At the same time, though, a nomination usually means that the film will be seen by more people. And I certainly hope that will be the case for Hugo.

I was first introduced to the story by my son, who loves Brian Selznick’s The Invention of Hugo Cabret–a unique novel “in words and pictures,” upon which the film is based. More than illustrations, the pictures that make up more than half the bulk of the book wordlessly advance the plot–an homage, of sorts, to the silent films that play an important role of their own in the story. Perhaps this is one of the reasons that Hugo was a better-than-usual book-to-film adaptation–there was something of film within the book already.

The film was not disappointing at all–and I’m delighted that was able to see it on the big screen, where it comes alive under Scorcese’s able direction, Robert Richardson’s stunning cinematography, and Howard Shore’s (of Lord of the Rings fame) haunting and beautiful score. (All three were nominated for Oscars for their respective contributions, and the film was nominated for Best Picture.)

Hugo is also surprisingly, richly theological in some surprisingly Christian ways. I hate reviews that give away substantive facts, but suffice it to say, it is about creativity, it is about vocation, about redemption and grace in the unlikeliest of circumstances. It is about communicating, reconciling, remembering, community-forming love.

All without being the least bit ‘preachy.’

So I’ll be preachy, just for a second: go see Hugo!

And if you’ve seen it/read it, please do share your thoughts below!

These are a Few of Life’s Crappiest Things! (Reading Ecclesiastes)

Did you know that this blog got its name more-or-less straight out of a Bible verse?

Don’t feel bad if you didn’t catch that; it comes from Ecclesiastes, which, being a frequently-neglected book of the Bible, is, naturally, one of my favorite books. (I enjoy rooting for underdogs.)

While some writers and preachers like to say that Ecclesiastes is all about how bleak life is without Jesus, it seems to me that the little book pretty well sums up many of the crappiest things about life:

1. Where there ought to be justice and righteousness, there’s injustice and wickedness.

2. Even if you’re strong, beautiful, brave, ambitious, and rich, you’re going to get painfully feeble and old, and, eventually, you’ll die. And, by the way, you can’t take all your stuff and money with you.

3. Everything people do can, much of the time, be chalked up to pride and competitiveness.

4. Rich people just can’t ever get enough money. They always want more.

5. It’s not the most deserving, or strongest, or wisest, or most knowledgeable people that get the recognition. Time and chance have everything to do with that.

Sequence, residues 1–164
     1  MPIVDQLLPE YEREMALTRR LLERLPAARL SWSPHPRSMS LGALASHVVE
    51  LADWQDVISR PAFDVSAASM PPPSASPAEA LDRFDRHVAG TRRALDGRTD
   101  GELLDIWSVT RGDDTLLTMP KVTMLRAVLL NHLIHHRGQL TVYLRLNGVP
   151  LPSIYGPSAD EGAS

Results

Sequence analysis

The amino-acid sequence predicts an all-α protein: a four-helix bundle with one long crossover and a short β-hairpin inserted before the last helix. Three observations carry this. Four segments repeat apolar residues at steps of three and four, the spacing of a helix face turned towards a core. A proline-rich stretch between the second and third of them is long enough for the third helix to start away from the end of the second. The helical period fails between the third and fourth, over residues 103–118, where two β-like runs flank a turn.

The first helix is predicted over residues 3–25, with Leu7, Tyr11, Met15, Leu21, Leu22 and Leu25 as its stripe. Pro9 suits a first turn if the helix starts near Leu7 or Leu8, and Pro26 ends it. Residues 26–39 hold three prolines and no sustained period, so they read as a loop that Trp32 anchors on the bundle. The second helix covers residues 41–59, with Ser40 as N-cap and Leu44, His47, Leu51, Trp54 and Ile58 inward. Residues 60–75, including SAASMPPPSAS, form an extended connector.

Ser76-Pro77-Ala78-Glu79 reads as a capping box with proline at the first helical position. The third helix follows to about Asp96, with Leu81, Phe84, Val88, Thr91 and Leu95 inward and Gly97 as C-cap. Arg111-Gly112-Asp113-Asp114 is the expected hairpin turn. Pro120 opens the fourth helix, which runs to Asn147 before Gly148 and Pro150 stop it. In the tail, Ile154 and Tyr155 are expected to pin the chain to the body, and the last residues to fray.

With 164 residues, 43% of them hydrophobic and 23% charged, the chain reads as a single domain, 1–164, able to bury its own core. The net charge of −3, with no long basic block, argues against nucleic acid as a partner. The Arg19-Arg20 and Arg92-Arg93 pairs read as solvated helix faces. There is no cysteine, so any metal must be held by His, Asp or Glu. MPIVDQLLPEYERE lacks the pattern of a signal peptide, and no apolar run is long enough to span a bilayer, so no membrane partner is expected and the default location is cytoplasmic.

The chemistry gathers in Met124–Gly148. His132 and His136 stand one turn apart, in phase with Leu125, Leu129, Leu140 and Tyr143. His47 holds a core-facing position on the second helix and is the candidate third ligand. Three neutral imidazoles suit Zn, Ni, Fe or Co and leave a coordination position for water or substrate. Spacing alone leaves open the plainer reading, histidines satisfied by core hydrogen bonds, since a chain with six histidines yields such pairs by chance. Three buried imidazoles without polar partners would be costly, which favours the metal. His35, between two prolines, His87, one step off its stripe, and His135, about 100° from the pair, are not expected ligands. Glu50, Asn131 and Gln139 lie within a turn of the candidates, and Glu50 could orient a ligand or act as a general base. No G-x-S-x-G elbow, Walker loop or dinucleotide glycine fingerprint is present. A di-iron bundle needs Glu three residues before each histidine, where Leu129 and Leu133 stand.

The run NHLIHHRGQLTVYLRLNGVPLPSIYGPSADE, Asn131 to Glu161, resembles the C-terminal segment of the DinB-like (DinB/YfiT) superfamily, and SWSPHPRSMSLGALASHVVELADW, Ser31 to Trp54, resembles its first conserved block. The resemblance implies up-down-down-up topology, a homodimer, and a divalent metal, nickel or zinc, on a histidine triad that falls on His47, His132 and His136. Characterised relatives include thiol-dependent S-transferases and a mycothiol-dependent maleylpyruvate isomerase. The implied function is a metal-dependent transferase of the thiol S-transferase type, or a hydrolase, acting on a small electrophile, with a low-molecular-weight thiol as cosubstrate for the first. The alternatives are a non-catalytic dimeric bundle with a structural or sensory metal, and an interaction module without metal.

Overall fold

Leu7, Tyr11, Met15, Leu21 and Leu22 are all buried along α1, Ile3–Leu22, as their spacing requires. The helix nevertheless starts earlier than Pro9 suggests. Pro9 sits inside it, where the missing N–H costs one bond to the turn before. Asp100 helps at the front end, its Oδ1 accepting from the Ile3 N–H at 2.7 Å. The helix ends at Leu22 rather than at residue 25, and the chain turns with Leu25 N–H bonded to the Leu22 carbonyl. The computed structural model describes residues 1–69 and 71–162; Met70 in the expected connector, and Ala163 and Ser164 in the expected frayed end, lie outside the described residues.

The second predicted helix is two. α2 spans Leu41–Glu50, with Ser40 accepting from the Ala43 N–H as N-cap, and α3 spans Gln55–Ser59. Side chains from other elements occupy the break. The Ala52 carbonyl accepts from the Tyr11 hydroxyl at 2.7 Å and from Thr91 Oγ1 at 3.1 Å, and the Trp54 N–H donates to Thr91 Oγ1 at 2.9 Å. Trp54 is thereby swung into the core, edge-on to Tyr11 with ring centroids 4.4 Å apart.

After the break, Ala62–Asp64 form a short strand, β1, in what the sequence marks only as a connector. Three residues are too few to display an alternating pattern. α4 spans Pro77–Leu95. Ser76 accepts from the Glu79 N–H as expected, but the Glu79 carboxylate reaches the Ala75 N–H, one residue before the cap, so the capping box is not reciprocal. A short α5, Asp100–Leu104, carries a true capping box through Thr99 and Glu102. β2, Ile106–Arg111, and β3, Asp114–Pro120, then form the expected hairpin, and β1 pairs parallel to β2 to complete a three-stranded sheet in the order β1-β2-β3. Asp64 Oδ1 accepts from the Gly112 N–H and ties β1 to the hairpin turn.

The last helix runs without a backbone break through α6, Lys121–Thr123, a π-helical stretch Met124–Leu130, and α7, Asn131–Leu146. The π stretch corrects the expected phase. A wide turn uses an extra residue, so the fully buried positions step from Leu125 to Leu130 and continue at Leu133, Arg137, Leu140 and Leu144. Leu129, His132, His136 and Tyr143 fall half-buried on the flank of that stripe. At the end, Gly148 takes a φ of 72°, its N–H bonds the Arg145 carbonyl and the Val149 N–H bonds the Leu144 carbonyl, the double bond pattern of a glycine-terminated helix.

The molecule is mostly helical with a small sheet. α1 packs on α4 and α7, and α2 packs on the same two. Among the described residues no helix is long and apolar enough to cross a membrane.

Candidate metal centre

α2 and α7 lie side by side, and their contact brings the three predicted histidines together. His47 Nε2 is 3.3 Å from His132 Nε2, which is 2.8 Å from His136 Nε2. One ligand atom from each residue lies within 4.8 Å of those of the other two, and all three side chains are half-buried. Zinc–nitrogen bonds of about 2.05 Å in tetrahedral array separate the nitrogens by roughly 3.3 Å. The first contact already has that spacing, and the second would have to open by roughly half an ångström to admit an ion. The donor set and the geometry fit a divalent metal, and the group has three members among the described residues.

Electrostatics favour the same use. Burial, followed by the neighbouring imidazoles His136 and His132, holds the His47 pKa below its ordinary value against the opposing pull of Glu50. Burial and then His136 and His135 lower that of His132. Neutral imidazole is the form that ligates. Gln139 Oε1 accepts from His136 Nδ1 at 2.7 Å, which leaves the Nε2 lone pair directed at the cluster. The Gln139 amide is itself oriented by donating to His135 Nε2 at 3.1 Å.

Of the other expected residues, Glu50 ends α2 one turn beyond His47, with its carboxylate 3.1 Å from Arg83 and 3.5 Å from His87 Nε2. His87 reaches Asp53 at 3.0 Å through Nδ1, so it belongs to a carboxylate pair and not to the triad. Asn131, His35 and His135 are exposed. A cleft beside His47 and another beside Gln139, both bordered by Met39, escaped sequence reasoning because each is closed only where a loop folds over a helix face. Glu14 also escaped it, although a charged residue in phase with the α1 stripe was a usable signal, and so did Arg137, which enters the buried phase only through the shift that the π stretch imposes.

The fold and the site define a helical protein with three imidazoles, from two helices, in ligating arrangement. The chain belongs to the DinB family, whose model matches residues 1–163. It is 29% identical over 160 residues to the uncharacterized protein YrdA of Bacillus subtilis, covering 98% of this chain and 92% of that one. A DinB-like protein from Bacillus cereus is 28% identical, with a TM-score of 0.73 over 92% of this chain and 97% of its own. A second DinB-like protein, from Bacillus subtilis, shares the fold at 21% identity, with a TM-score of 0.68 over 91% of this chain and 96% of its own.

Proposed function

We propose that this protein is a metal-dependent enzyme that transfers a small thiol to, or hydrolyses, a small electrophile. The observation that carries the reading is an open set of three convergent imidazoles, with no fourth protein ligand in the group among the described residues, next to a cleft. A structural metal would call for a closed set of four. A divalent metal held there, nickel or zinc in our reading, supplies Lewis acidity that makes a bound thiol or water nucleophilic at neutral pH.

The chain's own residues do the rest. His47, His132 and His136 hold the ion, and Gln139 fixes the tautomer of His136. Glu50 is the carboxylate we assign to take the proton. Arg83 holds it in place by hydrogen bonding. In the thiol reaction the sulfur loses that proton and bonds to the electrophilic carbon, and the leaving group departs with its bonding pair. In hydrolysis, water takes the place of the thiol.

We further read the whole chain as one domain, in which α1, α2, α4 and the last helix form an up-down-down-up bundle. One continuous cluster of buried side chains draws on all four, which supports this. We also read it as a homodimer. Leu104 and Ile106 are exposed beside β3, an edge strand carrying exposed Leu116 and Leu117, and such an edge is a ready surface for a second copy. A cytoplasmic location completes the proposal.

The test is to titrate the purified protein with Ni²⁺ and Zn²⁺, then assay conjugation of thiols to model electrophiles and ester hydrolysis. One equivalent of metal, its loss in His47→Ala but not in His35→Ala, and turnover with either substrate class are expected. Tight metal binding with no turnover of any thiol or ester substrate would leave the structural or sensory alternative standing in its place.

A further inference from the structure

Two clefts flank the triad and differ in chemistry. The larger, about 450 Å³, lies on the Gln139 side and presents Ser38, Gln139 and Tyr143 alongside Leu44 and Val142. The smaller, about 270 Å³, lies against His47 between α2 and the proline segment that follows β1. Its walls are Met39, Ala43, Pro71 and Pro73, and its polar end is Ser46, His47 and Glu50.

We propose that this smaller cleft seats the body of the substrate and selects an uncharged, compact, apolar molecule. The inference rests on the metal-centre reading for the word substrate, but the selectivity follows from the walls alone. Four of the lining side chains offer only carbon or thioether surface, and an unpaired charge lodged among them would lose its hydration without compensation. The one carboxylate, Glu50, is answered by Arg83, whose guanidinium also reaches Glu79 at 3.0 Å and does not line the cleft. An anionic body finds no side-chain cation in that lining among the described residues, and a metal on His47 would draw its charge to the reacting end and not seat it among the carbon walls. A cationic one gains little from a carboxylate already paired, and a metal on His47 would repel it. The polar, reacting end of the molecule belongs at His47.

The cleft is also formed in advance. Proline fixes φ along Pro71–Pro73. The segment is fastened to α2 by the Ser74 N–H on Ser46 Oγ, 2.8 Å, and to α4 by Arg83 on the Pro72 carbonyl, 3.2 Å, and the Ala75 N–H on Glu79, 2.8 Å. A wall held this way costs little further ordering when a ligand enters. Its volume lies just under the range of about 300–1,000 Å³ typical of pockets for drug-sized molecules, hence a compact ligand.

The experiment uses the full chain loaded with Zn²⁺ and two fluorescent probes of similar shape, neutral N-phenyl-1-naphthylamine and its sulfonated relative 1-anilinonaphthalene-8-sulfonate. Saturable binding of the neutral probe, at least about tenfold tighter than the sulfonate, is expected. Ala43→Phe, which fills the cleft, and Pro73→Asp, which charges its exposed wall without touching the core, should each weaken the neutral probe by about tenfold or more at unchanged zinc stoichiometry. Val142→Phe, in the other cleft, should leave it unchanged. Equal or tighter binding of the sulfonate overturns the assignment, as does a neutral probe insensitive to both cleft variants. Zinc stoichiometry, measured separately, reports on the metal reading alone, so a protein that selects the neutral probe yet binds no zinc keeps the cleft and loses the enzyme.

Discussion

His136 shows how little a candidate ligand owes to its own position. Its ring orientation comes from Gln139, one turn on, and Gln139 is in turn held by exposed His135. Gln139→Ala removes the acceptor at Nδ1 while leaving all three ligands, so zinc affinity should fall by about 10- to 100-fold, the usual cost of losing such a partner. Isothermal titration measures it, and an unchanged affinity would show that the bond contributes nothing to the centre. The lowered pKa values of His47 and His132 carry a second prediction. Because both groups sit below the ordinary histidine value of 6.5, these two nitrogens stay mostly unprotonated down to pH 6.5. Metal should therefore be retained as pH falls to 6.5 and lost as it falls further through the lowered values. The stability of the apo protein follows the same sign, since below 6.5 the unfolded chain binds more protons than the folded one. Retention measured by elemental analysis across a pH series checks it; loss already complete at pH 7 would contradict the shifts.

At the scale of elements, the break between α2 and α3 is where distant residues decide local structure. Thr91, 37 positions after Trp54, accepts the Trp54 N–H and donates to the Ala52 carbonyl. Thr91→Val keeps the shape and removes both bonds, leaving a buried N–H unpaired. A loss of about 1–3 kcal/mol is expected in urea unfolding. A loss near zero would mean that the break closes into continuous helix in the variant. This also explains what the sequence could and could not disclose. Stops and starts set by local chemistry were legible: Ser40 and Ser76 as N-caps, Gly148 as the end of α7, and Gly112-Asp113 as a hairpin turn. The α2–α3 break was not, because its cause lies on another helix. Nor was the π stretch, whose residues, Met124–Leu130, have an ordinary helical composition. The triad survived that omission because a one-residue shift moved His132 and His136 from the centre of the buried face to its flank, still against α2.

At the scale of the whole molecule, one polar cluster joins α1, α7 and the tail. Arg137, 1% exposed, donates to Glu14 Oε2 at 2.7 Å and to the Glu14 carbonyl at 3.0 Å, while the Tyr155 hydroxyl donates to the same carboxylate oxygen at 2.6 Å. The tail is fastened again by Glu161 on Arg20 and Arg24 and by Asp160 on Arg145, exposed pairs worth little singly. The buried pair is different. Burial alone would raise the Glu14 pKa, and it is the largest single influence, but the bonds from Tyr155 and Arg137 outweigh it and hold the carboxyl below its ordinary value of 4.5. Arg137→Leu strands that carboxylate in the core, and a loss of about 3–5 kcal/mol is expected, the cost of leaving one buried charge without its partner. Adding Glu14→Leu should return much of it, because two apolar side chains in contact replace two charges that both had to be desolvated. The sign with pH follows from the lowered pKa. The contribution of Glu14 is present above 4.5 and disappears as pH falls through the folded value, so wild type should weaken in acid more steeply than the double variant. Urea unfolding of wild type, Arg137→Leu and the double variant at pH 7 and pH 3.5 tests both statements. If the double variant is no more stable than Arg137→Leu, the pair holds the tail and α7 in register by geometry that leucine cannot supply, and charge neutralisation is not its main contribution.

6. More knowledge is usually a depressing thing.

So, yeah. Any of these could’ve come from a blog post or op-ed written, well, yesterday, but they’re from this funny little Ancient Near Eastern book that’s part of the Hebrew Bible and Christian Scripture.

By now you’re wondering what all this has to do with the title of this blog. Well, there’s this refrain (of sorts) throughout Ecclesiastes that goes something like this:

There is nothing better for a person than that she should eat and drink and find enjoyment in her work. This is from the hand of God,  for apart from God, who can eat or have enjoyment?

Because here’s the thing about eating: obviously it’s not the most important thing in the world–aren’t things like doing justice, working hard, loving God, loving neighbor, taking care of your family much more important?

Well yes. And no. Because if you don’t eat, you can’t really do anything else. It’s easy to miss this in an overfed culture, but “give us this day our daily bread” is talking about the literal stuff that keeps you alive & kickin’.

Yes, life is marked with death and sadness and injustice and unfairness and depression and general crappitude.

Yet. Yet–

This world is still a beautiful place; there “lives the dearest freshness deep down [in] things.” There is love, there is laughter, there is community, communion, companions–there is the joyful, jovial fellowship around the table and thousands of things to delight our senses.

And food is one of them, a delightful necessity. A chance to nourish others, to be nourished ourselves, and to taste just a hint of God’s goodness.

So, yes. Death and greed and decrepitude and turpitude and all manner of crappiness. And still the ancient Preacher says:

“Go, eat your bread with joy, and drink your wine with a merry heart.”

Yes. Life is more than food. But in this life where little makes sense, food and wine are a spot of grace and goodness—

God’s love made edible. And delicious.

Moment by moment, sustaining us by grace.